Coming to Israel and the Palestinian Territories has been a unique experience, to say the least. For one thing,it's the only place I've ever been where having a camera tackily strung around my neck makes me feel more secure, not less. Here, I'm not concerned about appearing as a tourist—in fact, were it not for looking neither like a Jew nor an Arab, I would probably go somewhat out of my way to make clear that I was a visitor. As we were to learn, most Israeli Jews don't even think about going to the Palestinian areas—the West Bank and Gaza—and the Arabs living in these places for the most part simply can't come to "Israel". As tourists, we basically have 'safe passage' to and from both.
Within our first few days in Jerusalem, we decided to go out to a nearby Arab town in the West Bank, called Ramallah. Gregg and I had found out about a project initiated by folks at the computer center of Bir Zeit University (a Palestinian university just outside Ramallah) to get Palestinian refugee camps wired with Internet access. We got in touch with the University webmaster, Adam, and arranged to visit him.
The ride to Ramallah was less than one hour long. We took an Arab-run bus from East Jerusalem and experienced no delays with security checks. Arriving in the center of town we felt as though we'd returned to the 'Arab World' without ever having really left it. The scene was familiar—aggressive drivers aggressively dodging oncoming traffic, colorful fruit and vegetable markets, falafel/shawarma stands on every street corner, shops with the same inventory of nylon backpacks adorned with random English. Streets were choc-a-bloc with restaurants, coffee/tea shops, and shopping malls. Ramallah definitely had a pulsing vibrancy to it.
We met with Adam and agreed to spend the rest of the afternoon collecting information on as many internet cafes in Ramallah that we could find to help them update an online guide to town. We found five, half as many as we were told there are, each well-equipped with a dozen machines and decent connectivity rates. Not bad for a city of 18,000.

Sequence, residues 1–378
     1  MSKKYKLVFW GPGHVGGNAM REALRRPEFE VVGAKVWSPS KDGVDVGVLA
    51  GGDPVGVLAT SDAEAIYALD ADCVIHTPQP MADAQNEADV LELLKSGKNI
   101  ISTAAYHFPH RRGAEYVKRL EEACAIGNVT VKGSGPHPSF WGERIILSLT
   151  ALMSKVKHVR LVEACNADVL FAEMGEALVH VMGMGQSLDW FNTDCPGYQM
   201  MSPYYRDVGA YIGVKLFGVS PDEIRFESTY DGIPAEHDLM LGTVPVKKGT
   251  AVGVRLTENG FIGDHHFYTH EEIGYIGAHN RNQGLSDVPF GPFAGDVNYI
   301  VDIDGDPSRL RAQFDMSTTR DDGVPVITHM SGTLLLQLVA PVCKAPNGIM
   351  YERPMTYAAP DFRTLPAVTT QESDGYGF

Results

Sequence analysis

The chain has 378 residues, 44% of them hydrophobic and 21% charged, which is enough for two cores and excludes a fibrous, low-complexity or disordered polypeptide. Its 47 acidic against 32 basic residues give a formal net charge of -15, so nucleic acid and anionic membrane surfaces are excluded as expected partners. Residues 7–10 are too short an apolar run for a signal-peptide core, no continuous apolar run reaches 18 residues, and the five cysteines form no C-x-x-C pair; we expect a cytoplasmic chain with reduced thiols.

Later we chatted over a beer (a beer!) with Adam and asked how regularly he got to Jerusalem. He said he seldom goes—he's usually busy with work or friends in Ramallah. Besides, there was no point unless he wanted to go alone—as an Australian-born Palestinian, only he had a passport that enable him to get past the security check point; he would have to leave his friends behind.
It wasn't until a few days later when we met with a reporter for a daily Jewish paper, Ha'aretz, that we'd really gotten a sense of how segregated Jews and Arabs choose to or must live. This reporter had found our website and wanted to include us in a story about Internet and travellers. We met with her in the port city of Haifa and she treated us to an all-American burger at a restaurant called 'New York'. She'd been living abroad in England for a few years and had only just come back to "this crazy place" to live again. When she learned that we'd gone to Ramallah, she was shocked. How did we get there? Was it dangerous? Is it a modern city? Why did we go. She said she would never consider going to see for herself; it's too dangerous and not a risk worth taking. In her mind, Arabs would be able to tell straight away that she was an (Israeli) Jew. She's probably right.